Born in Rabo de Peixe, São Miguel in the Azores, he came to Bermuda with his family as a small child.

A career highlight was Mr Cordeiro’s return to the Azores with Sir David Gibbons, the former premier, and Lady Gibbons on an official visit.

Sir David insisted on Mr Cordeiro’s pictures being exhibited in Hamilton City Hall.

His shots of Bermuda’s 1977 riots went international — and in a February 1982 royal visit, Mr Cordeiro got the first photograph of a pregnant Diana , Princess of Wales, much in demand from the Associated Press.

During another visit, the then Prince Charles noted Mr Cordeiro’s use of a Roloflex and said: “Nice camera. My mother has one just like it.”

Mr Skinner said: “We should all be grateful to Tony for his incredible talent and ability to record Bermuda history to be seen by generations to come.”

He recalled Mr Cordeiro’s adages: “If your picture is not good enough, you are not close enough” and “You don't take a picture, you make one.”

“That one I never forget as a photographer.”

Bill Zuill, the former Editor of the Gazette and now Head of Digital at the newspaper, said: “Tony had a great eye for a picture and was willing to do whatever it took to get it — he would lie on the ground or go up in a crane to get the shot.

“His other gift was his ability to get on with everyone — he could make everyone from a Premier to a shy child comfortable about getting their picture taken in a way that allowed the person’s true personality to come through.

“As chief photographer he set very high standards and led by example, but he also had tremendous empathy for his team. If they were struggling for any reason, he was there for them. He was a terrific colleague and friend.”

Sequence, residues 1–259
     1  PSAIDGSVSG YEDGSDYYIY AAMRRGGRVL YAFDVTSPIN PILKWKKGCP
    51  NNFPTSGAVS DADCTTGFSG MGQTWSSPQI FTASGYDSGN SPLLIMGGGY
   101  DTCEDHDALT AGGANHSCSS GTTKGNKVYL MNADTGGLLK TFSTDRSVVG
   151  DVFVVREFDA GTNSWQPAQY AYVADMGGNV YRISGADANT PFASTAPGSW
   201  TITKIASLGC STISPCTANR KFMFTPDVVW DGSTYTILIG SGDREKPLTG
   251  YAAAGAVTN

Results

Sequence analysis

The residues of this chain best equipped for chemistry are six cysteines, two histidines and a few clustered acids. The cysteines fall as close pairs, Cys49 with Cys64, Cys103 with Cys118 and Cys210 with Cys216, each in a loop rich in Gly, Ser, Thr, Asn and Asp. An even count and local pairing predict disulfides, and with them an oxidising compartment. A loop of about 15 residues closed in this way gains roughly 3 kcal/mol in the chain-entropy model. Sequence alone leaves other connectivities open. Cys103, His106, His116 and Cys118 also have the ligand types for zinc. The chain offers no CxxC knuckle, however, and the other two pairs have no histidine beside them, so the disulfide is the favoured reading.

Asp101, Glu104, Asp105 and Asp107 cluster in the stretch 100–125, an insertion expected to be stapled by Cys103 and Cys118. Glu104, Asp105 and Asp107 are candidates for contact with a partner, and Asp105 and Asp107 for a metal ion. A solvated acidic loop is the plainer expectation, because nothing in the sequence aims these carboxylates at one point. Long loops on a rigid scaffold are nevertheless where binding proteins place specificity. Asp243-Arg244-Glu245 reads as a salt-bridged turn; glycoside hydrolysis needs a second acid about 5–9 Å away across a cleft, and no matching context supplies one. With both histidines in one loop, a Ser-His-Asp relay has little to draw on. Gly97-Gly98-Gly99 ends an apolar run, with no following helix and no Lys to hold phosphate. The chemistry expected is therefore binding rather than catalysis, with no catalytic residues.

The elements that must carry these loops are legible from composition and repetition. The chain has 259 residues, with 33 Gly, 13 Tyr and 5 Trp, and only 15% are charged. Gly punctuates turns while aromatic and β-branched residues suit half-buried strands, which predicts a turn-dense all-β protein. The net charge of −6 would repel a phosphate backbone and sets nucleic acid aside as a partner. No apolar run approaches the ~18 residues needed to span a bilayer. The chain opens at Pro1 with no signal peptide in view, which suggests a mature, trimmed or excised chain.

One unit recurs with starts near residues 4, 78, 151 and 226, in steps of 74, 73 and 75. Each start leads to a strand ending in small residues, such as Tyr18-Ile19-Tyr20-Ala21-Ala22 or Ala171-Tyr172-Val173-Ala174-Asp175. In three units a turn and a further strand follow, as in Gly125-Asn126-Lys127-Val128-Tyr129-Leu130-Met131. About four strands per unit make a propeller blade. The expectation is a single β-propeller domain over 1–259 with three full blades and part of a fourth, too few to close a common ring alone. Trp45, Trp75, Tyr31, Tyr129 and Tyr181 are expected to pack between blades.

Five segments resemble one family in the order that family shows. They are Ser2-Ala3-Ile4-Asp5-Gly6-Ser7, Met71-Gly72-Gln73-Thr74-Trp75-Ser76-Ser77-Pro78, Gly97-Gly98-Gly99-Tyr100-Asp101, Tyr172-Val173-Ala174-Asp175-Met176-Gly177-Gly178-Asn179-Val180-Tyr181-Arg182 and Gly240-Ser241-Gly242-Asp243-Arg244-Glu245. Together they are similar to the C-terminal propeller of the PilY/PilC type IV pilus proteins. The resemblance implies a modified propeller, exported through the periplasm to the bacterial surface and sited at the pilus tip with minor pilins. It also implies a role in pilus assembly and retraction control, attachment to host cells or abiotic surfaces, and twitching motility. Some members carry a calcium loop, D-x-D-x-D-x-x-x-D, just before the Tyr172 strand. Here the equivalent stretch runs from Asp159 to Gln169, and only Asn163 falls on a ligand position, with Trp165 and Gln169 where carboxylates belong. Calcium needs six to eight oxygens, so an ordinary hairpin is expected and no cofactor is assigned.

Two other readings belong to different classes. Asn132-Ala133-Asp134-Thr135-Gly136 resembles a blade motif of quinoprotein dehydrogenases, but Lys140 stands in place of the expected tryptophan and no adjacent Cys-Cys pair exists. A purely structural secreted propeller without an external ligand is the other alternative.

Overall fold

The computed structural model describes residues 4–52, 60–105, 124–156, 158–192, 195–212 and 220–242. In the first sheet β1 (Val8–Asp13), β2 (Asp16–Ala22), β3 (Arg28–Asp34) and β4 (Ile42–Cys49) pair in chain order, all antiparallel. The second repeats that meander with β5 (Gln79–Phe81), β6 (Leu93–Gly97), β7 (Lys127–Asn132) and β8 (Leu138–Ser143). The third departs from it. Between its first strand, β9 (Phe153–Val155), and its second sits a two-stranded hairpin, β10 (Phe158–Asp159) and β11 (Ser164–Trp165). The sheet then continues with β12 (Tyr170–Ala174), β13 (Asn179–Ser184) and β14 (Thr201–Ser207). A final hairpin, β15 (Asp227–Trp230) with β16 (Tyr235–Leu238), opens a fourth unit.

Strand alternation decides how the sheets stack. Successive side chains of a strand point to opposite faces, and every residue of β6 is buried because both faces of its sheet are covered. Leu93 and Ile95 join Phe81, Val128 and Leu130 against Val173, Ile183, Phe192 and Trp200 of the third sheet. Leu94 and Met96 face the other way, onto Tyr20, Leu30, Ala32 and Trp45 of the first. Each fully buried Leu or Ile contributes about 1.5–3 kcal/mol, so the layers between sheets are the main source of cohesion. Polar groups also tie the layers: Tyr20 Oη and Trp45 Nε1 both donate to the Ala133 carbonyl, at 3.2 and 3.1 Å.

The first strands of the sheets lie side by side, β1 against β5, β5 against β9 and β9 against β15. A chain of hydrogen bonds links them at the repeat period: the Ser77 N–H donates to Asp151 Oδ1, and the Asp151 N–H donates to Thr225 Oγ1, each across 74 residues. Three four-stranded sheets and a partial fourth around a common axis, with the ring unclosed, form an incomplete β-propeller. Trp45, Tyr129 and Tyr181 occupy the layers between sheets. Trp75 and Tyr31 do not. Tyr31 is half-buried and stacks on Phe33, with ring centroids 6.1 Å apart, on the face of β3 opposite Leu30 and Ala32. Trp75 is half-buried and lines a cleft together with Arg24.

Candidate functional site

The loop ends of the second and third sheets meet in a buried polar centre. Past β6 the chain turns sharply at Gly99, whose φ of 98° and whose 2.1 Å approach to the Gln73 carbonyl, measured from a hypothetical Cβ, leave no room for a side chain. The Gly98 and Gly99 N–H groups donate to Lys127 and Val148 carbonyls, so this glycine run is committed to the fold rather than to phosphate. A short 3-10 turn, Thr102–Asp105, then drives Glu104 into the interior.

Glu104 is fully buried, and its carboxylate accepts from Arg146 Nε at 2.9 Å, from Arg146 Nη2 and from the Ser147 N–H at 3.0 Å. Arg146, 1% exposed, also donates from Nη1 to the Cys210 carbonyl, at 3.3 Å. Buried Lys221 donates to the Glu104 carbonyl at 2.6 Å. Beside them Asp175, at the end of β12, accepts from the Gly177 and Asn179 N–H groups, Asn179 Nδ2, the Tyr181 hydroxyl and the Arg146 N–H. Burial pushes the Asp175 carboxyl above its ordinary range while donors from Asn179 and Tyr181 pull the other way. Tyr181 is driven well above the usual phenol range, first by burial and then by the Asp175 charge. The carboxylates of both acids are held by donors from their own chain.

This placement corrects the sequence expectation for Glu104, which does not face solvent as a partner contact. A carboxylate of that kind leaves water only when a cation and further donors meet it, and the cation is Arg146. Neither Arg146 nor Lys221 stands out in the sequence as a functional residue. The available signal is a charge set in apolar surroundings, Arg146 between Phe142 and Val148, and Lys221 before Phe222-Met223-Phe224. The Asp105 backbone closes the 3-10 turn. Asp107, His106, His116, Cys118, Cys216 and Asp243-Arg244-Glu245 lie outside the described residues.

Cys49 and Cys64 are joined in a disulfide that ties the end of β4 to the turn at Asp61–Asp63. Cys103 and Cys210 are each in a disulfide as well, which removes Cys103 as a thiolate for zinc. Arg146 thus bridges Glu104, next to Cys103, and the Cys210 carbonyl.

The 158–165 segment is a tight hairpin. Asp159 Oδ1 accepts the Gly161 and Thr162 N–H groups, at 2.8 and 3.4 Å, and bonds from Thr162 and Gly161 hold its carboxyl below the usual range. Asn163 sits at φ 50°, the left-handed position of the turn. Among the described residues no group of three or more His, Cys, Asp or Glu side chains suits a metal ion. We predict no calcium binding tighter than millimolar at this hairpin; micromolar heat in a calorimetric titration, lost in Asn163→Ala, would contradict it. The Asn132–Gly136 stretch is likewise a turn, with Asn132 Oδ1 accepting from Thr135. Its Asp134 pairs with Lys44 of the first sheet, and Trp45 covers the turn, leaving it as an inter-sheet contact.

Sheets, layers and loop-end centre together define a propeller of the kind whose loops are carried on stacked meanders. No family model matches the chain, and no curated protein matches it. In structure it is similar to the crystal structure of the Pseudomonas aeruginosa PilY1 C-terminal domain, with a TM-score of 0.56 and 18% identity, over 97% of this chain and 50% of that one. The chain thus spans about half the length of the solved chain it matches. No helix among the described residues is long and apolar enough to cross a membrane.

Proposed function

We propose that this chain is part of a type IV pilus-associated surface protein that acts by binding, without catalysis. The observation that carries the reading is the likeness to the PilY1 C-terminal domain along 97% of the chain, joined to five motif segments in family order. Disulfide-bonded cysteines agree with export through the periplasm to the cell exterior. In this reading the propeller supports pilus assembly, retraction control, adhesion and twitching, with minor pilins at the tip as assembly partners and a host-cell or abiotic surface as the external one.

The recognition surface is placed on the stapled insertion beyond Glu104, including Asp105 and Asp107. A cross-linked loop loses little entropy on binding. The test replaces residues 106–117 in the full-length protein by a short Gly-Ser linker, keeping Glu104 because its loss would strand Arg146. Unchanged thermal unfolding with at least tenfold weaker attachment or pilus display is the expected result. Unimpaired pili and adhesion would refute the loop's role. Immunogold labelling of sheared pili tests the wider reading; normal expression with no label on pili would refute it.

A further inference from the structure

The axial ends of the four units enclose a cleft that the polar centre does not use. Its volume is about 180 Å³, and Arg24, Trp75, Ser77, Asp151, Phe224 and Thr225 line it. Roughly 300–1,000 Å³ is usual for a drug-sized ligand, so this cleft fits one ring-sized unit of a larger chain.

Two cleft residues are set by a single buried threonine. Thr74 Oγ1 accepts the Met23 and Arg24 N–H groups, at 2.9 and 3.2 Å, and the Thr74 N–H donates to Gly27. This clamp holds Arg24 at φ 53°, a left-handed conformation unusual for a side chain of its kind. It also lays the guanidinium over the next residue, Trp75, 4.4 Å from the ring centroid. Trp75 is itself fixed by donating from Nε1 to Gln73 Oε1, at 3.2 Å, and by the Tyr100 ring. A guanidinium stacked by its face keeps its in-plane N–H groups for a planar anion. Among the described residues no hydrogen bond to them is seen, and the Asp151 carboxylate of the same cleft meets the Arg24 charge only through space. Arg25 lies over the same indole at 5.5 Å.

Dexter Smith, the Editor of the Gazette, said anyone who knew Mr Cordeiro would remember “his charm, good humour, dedication to the job and remarkable professionalism”.

“He was a mentor and inspiration to several generations of photographers who worked under him.”

He added: “He was also an absolute champion in the Portuguese community, where he will be sorely missed.”

Steel going up on East Broadway in this picture by Tony Cordeiro

Amanda Outerbridge, the former editor of the Mid-Ocean News and assistant editor at the Gazette, said: "Tony was an excellent news photographer, a real pro who knew the job inside out. And he was also a wonderful human being who was passionate about his family, and Bermuda. Generally he liked people and people liked him.

"As a young reporter, I loved going on assignments with him, the seasoned pro who knew everybody. It was always an adventure and a learning experience. But while he was a kind and generous mentor, he was no pushover and held everyone around him to high standards.

"As an editor, I valued his range of professional skills even more; he was so good at his job. In news photography, you only have one chance to capture the image you need. It was second nature to Tony, and he delivered.

“In addition, for planned photo shoots he would joke and chat to subjects to put them at ease, whether they were royalty, an international celebrity or a young entrepreneur.